In public, Secretary of Defense Leon Panetta warned what was left of the regime’s leadership to protect the state’s large stockpile of chemical weapons. Privately, the U.S. intelligence community began to worry that the Syrian officials known to have the ability to authorize the use of that arsenal were now dead or gravely injured.

A scramble then ensued: who were the midlevel officers in charge of the Syrian air force and army units that controlled the stocks of sarin and mustard gas the Assad regime had been compiling for decades? And who was now running the SCUD missiles and bombers that would be deployed to use these chemical weapons? According to current and retired U.S. and Western intelligence and defense officials, U.S. analysts began to hunt for email addresses, Twitter handles, Facebook accounts, phone numbers, and Skype contacts for those midlevel Syrian officers. The information was then used to deliver a pointed message: The U.S. government knows who you are and there will be consequences if you use or transfer chemical weapons.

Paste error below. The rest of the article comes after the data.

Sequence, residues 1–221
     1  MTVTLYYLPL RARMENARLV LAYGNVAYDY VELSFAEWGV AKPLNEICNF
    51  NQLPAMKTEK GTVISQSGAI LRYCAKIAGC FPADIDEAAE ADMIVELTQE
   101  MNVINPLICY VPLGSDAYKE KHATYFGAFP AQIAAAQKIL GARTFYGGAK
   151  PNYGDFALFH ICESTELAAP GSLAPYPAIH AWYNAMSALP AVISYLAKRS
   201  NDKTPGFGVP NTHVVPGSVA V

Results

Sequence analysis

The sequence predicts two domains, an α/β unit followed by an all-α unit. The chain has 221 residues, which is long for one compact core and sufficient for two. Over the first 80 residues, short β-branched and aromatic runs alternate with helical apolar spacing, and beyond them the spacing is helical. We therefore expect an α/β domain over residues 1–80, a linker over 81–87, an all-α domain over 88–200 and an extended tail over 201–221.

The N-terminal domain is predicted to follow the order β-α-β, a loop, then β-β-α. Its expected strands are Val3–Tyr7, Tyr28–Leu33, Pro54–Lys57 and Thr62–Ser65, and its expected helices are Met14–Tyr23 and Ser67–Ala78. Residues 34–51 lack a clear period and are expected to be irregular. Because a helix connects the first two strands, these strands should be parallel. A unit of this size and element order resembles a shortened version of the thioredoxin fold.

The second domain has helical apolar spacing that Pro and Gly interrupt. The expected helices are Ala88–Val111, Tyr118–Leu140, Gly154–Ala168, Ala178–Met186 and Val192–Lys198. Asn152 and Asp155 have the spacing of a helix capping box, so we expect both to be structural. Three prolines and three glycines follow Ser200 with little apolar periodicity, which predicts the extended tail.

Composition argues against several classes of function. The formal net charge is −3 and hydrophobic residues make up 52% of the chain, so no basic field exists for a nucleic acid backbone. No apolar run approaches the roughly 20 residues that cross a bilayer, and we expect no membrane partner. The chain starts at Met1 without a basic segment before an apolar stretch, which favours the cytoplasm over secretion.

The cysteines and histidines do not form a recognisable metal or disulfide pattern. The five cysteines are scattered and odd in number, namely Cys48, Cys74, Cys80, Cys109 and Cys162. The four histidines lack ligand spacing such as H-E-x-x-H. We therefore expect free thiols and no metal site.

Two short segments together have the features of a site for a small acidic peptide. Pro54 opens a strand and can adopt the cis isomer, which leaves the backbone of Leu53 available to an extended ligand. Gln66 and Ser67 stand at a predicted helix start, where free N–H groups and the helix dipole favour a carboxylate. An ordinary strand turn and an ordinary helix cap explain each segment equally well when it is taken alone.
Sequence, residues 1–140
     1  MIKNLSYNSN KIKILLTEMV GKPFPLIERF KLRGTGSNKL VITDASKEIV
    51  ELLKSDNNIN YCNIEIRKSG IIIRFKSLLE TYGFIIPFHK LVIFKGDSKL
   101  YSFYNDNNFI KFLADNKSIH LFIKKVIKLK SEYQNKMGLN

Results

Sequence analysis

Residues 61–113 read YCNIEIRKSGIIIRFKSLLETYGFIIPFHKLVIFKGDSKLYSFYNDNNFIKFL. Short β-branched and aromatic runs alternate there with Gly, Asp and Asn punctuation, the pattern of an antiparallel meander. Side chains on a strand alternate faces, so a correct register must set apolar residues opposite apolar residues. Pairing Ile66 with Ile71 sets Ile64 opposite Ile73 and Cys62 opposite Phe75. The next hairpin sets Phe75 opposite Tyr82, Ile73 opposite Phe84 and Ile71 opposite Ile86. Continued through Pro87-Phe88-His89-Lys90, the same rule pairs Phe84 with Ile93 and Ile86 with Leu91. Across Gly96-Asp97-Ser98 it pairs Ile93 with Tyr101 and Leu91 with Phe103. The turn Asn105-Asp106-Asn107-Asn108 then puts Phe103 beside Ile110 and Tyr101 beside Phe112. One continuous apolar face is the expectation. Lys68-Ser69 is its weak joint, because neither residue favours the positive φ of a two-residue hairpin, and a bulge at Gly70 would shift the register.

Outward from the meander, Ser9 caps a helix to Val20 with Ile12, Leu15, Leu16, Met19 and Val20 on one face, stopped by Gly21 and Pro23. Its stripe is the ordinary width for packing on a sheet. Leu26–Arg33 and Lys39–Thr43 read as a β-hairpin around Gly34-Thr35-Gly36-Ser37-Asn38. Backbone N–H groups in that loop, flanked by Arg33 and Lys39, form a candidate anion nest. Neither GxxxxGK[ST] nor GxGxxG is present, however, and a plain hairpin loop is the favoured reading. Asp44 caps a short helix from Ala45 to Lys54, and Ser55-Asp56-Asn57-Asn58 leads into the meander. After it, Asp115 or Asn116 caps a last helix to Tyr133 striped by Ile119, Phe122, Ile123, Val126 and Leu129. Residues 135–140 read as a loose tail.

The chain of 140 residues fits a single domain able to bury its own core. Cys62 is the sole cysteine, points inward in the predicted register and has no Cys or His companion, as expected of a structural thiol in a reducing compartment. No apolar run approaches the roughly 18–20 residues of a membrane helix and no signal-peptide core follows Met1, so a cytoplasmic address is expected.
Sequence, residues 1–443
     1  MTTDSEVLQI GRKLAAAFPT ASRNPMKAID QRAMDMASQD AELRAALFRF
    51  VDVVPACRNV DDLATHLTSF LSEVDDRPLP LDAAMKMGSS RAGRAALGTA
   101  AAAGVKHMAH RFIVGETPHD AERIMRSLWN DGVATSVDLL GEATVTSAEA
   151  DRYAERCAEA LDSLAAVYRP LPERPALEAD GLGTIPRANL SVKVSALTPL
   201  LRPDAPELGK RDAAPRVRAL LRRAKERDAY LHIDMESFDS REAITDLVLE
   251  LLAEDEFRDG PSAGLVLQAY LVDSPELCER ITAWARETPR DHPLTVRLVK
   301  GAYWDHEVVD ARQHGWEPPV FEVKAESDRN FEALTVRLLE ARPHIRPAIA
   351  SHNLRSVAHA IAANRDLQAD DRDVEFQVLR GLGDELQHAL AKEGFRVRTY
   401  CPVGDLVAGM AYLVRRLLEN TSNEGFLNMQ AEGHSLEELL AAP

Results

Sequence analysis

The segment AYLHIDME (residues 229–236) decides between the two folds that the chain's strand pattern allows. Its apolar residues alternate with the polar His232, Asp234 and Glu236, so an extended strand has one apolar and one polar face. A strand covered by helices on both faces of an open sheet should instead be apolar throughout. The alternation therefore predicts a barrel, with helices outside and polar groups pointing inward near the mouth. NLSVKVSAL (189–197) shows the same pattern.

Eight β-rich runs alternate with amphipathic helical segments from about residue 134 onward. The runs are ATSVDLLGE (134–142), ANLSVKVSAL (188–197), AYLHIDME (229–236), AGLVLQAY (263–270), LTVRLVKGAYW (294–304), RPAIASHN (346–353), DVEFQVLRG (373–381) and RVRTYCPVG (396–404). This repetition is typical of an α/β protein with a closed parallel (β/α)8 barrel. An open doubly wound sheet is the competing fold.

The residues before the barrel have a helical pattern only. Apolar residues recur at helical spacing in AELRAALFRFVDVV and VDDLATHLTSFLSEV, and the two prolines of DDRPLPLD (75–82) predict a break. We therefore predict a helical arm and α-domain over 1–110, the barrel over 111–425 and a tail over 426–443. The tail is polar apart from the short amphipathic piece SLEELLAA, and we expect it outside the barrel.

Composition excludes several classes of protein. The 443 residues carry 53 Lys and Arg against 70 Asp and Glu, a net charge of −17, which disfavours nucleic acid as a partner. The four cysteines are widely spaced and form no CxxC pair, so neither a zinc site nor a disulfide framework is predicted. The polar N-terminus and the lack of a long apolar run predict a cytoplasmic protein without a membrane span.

“The people who were killed and injured in that [July 18] suicide bombing were the people who we could try to persuade not to use this stuff,” said one congressional staffer who has been briefed extensively on the program. “When that happened, we needed to find another way to get to these guys.”